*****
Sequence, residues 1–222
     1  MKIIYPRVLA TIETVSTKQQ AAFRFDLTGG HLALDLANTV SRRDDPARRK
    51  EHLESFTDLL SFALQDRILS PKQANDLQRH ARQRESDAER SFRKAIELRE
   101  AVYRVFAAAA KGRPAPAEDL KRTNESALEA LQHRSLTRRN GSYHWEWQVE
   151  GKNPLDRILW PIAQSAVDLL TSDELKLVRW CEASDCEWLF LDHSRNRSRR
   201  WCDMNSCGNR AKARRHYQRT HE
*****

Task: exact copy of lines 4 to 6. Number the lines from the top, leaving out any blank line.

   101  AVYRVFAAAA KGRPAPAEDL KRTNESALEA LQHRSLTRRN GSYHWEWQVE
   151  GKNPLDRILW PIAQSAVDLL TSDELKLVRW CEASDCEWLF LDHSRNRSRR
   201  WCDMNSCGNR AKARRHYQRT HE